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Is Ahamdinejad Spearheading a New Opposition In Iran?

Iranian former president Mahmoud Ahmadinejad (C) and his close advisors Hamid Baghaei (R) and Esfandiar Rahim Mashei (3rd L).

The following analysis is based on an op-ed by Radio Farda analyst Majid Mohammadi and a number of interviews and discussions on Farda's radio programs.

In recent days Iran's former president Mahmoud Ahmadinejad and his close allies have harshly attacked the establishment of the Islamic Republic, calling them “tyrants”, “corrupt” and predicted their “imminent fall”.

Observers now ask whether Ahmadinejad is about to form a new opposition that operates outside the norms of the Islamic Republic?

During its 38 year existence, the Iranian regime has been successful in eliminating all opposition groups and parties within the country that challenged its structure and leaders.

The “wagon of the system”, as the Supreme Leader Ayatollah Ali Khamenei refers to the circle of the ruling elite, has been so cramped that even several high-ranking officials, including former presidents, have been kicked out of it.

Mahmoud Ahmadinejad, who served two terms as Iran's president from 2005 to 2013, is one of them. He was barred by Khamenei for running as a candidate in the May’s presidential election.

But he did not obey the leader, signed up for the election and consequently was disqualified by the Guardian Council that is under the control of the leader.

Many thought that Ahmadinejad’s political career is over and he will retreat from the scene and return to his private life.

But his controversial public appearances, including the one on Wednesday July 26th let observers speculate that he had not only an astonishing perseverance, but had a long-term plan for creating a new opposition force that challenges the traditional framework.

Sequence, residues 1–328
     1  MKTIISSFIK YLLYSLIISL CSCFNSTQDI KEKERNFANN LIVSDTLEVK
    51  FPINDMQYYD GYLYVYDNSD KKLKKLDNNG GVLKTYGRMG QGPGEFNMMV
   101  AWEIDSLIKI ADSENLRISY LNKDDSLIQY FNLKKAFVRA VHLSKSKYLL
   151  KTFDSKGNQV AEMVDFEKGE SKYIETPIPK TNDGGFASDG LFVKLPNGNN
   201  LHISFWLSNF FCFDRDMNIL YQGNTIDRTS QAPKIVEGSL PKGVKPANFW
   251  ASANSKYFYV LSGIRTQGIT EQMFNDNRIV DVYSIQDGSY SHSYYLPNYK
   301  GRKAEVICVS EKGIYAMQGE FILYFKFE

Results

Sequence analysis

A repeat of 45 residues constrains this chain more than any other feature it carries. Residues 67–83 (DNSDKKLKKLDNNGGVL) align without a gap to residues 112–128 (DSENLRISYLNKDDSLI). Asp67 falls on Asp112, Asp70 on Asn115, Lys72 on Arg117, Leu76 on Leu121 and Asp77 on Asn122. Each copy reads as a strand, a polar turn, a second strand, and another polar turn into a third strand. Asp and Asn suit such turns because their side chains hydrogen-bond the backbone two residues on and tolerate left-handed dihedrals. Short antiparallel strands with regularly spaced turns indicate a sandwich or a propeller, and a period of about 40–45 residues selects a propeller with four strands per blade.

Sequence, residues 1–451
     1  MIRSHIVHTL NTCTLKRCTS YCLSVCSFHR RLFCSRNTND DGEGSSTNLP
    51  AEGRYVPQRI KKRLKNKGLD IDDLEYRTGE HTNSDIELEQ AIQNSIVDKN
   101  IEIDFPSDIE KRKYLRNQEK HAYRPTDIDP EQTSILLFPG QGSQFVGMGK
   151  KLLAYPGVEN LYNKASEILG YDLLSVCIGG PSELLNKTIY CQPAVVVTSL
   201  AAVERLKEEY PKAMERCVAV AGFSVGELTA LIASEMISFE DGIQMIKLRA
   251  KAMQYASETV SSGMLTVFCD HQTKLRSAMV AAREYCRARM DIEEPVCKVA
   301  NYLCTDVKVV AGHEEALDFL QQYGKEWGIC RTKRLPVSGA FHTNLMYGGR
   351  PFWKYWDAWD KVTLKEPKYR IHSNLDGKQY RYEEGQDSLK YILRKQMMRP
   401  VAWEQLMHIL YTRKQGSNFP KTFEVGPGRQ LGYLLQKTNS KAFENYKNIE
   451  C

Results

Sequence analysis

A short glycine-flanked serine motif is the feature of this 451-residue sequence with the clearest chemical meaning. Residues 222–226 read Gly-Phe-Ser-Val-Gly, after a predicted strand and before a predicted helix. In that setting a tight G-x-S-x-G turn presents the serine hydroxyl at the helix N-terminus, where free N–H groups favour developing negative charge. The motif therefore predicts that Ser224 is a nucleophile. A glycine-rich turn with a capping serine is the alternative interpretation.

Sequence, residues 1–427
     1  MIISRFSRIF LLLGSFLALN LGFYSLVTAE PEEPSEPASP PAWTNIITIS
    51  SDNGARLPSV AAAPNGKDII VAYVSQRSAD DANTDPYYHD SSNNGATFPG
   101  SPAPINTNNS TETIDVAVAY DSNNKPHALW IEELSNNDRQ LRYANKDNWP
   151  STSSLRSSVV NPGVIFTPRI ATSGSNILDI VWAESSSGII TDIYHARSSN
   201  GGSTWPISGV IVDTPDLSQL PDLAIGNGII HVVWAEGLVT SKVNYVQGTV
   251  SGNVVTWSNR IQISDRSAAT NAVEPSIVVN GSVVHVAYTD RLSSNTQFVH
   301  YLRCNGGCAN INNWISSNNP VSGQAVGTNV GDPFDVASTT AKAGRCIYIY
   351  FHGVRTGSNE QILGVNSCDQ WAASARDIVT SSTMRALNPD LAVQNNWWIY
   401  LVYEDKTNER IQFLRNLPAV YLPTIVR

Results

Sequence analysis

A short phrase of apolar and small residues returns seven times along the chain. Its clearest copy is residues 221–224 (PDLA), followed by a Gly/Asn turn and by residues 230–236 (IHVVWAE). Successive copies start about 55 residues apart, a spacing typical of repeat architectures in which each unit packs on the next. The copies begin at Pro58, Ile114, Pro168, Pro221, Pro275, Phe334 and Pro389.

In such a role, Ahmadinejad will not only face a significant segment of conservatives camped around Khamenei, but also so called reformists and pragmatists, such as president Rouhani.

To gain supporters, Ahmadinejad constantly refers to two completely contradictory ideologies, namely the apocalyptic ideas of the Shiites and the Iran’s ancient glories, said Taghi Rahmani, an Iranian political activist residing in France, in an interview with Radio Farda.

Ahmadinejad will not only face a significant segment of conservatives camped around Khamenei, but also so called reformists and pragmatists, such as president Rouhani.

The former president who was reluctant to make any compromise on Iran's nuclear program during his presidency, could also benefit from the increasing pressure by the United States on his country that would make it impossible for President Rouhani’s government to benefit from the nuclear agreement and improve the economic situation, wrote the sociologist Majid Mohammadi in an op-ed for Radio Farda.

Ahmadinejad has criticized the nuclear deal on several occasions, suggesting that Rouhani's government made too many concessions for little reward. If the nuclear deal will not have tangible effects on Iran's economy in the coming years, it could be used by Rouhani’s opponents as a propaganda tool, added Mohammadi.

However, the path for Ahmadinejad’s comeback is very narrow and tightly controlled.

The former president is well aware that the Supreme Leader Ayatollah Khamenei and the Guardian Council are determined not to allow him to return to power due to his disobedience. Therefore he is looking for an opportunity such as the death of the leader in order to implement his plan, wrote the sociologist Majid Mohammadi.

It is difficult to predict what Ahmadinejad's plans exactly are, in a long shot scenario of success. Even more difficult is to imagine him and his allies as agents of meaningful change to Iran.